By Greg Blonder
The problem with the future is there are so many of them. In one future, we spent $10 billion on flood control in the Mississippi delta and avoided hundreds of billions in economic losses and thousands of tragic deaths. In another, the Y2K problem remained undetected, and for three months in the early winter of the new century, the U.S. power grid went down unexpectedly, killing thousands.
Rogue asteroids will be deflected from hitting Earth -- or maybe not. Terrorist attacks on Las Vegas, or was that Dallas? Rotting infrastructure, tsunamis in Los Angeles, melting ice caps, and more future scenarios than time, money, or probability can ever rank in order. It's overwhelming.
And that's before the inevitable distortions of politics.
The past is limited by memory, and the future by imagination. But if we simply remember the past, we're likely to fight the last war over and over again. And if we imagine every possible future, we risk betting on scenarios which never materialize.
As Katrina unfortunately makes clear, we have to confront the central question facing our nation: How to manage boundless uncertainty with finite resources? Fortunately, such challenges aren't unique to the political sphere -- they're encountered every day in business. Perhaps the approach businesses rely on to manage risk could work equally well for government.
The key is to turn the problem inside out -- and concentrate on identifying solutions, instead of stack-ranking risks. Remarkably, one size sometimes does fit all. As used by venture capitalists, the concept is called a "platform technology." Rather than relying on "point solutions -- betting the ranch on a single theory of the future -- savvy investors often reduce risk and increase returns by seeking flexibility when the future is unclear.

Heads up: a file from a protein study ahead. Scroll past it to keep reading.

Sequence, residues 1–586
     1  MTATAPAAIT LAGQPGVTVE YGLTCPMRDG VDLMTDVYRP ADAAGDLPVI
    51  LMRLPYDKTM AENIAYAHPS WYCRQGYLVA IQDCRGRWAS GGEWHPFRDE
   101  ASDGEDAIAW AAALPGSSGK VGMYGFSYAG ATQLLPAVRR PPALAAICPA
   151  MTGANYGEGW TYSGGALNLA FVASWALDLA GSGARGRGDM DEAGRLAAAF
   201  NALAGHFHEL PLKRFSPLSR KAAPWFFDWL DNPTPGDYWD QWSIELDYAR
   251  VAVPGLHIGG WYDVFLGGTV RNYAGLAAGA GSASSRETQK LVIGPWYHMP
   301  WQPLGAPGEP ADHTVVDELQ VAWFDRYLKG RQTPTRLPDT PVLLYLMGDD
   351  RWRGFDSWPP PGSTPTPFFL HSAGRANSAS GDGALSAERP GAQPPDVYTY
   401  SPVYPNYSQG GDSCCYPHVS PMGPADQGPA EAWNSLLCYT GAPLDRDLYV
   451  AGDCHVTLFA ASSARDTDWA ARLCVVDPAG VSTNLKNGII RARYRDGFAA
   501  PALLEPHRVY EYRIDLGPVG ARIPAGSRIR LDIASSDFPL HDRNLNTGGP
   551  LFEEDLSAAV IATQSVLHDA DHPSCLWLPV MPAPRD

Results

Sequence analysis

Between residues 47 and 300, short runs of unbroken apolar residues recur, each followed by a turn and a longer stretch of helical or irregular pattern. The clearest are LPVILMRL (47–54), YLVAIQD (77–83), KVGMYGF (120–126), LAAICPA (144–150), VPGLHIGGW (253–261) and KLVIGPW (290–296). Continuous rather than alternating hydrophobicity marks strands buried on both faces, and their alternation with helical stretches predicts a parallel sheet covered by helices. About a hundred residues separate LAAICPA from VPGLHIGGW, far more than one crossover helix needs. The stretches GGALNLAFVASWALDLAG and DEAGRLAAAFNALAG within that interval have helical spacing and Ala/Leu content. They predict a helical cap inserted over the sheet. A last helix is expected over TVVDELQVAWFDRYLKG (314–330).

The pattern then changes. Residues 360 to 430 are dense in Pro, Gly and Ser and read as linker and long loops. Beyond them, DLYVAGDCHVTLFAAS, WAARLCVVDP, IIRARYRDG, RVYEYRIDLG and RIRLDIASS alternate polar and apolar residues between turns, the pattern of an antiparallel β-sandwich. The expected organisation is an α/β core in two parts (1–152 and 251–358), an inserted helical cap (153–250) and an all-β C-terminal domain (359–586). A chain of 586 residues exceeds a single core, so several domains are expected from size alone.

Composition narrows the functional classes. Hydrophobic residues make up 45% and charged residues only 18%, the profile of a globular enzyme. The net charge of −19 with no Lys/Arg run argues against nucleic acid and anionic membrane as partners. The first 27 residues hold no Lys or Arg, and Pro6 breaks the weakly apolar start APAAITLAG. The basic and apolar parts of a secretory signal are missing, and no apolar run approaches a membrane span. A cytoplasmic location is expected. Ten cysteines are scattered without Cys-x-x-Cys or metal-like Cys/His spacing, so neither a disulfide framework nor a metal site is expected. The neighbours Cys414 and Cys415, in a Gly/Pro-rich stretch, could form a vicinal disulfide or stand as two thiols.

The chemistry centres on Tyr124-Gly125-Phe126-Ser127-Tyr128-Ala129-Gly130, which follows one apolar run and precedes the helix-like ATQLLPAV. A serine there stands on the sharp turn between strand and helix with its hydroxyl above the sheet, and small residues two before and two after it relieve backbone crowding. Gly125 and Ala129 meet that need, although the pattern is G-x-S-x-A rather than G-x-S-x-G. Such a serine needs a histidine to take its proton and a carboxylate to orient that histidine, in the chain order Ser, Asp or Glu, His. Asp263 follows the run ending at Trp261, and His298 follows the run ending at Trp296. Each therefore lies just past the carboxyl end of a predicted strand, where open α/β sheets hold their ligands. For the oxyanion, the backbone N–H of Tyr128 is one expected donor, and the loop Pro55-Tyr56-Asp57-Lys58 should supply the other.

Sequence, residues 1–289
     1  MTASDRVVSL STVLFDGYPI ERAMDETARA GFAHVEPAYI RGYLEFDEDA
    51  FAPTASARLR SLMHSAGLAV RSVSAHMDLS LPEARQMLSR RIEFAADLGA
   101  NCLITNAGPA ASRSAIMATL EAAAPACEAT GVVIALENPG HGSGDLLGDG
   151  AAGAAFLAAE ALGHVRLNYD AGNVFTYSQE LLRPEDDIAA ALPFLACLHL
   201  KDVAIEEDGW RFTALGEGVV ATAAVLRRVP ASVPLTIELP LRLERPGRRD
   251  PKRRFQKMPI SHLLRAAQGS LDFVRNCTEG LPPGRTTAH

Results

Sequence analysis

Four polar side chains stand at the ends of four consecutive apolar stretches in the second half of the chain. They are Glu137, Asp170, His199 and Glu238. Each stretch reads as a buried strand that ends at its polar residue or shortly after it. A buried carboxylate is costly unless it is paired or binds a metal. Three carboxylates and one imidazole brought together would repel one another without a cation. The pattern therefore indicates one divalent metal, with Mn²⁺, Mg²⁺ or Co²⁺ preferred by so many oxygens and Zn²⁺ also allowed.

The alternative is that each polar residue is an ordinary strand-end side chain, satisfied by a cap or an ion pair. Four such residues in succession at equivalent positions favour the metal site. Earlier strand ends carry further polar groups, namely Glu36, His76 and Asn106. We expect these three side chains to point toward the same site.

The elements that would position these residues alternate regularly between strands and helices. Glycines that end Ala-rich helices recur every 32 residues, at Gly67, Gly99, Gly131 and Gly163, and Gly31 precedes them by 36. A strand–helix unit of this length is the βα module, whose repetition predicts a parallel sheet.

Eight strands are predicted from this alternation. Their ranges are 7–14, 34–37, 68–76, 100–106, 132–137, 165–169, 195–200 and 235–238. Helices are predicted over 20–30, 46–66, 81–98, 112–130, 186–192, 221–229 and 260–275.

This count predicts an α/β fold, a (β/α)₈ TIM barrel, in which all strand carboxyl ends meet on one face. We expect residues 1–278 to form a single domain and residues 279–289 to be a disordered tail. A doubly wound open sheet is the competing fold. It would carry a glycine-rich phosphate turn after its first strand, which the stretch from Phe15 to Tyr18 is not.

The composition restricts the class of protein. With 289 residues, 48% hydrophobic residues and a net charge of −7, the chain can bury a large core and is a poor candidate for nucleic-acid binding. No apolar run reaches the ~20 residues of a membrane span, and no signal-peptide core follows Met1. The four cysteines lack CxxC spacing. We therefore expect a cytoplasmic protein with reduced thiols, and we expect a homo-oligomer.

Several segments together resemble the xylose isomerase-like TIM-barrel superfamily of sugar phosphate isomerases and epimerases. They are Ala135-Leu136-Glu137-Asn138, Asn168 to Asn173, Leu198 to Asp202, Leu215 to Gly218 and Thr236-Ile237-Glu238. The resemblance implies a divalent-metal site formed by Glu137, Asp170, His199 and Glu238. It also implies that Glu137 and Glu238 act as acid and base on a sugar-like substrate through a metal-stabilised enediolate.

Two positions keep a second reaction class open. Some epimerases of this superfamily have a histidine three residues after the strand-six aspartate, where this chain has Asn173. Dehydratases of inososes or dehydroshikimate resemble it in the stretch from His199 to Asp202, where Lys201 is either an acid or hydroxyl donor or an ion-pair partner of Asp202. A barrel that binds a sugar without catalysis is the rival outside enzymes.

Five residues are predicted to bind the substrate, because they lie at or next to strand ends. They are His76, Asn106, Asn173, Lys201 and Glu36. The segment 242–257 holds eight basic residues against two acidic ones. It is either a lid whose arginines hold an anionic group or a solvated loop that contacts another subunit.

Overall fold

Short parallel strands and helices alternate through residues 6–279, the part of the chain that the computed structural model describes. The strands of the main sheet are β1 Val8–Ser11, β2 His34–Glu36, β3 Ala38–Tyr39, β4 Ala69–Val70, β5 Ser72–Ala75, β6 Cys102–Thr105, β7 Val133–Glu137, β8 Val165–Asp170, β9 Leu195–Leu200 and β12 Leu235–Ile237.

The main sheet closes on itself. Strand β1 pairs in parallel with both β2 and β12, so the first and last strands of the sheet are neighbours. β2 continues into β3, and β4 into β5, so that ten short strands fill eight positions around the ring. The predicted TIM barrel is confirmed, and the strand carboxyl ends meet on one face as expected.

Such flexible platforms enable a single core technology to solve a multitude of problems -- often problems one can only dimly envisage ahead of time. A classic platform technology is plastic molding. Ever since The Graduate made "plastics" a one line Haiku, the ability of plastics-molding technology to produce an infinite variety of shapes at low cost and in high volume has created tremendous value.
NO CRYSTAL BALL NEEDED.
Developing this platform took patient investment and many hands, but in the end, it efficiently displaced one point solution after another. An entrepreneur in the 1960s would have been wise not to buy lathes to make steel gears, glass-blowing equipment to make soda bottles, or leather cutting and sewing equipment to make suitcase handles. Instead, smart entrepreneurs investing in a plastic-molding platform were able to serve all these markets simultaneously, displacing older technologies as the opportunity presented itself.
They didn't have to time the market, and they could share the capital expense of one machine across multiple -- previously disparate -- applications. These farsighted entrepreneurs molded a new future without needing a crystal ball.
The Internet is an example of another platform technology -- in this case, a common nexus for everything from communications and news to logistics and voyeurism. People who bet on point solutions like single-purpose data networks or proprietary image formats, quickly found themselves outmaneuvered and outnumbered by Internet platform adherents
How does this concept relate to America's disaster planning? Like our mythical entrepreneur, we don't know exactly where and when our next catastrophe will arise. Mere point solutions, no matter how well executed, will always fall short. Higher levees in New Orleans, for example, would not have spared Biloxi from total devastation. And stronger cockpit doors won't prevent a truck-bomb attack.
We need to cluster important future scenarios into groups sharing related solutions, and in doing so, dilute the risk of choosing poorly.
Although this is, admittedly, an unscientific list of examples, my whole career has been spent reducing large, complex problems into actionable insights. In that spirit, here are three potential "platform technologies" in which America should vigorously invest:
• Population Haven. Today -- as we just experienced with Katrina -- there's no reliable system in place to quickly relocate large numbers of people. Such a system would address multiple scenarios: everything from tsunamis to a nuclear attack to cities made uninhabitable by infectious disease.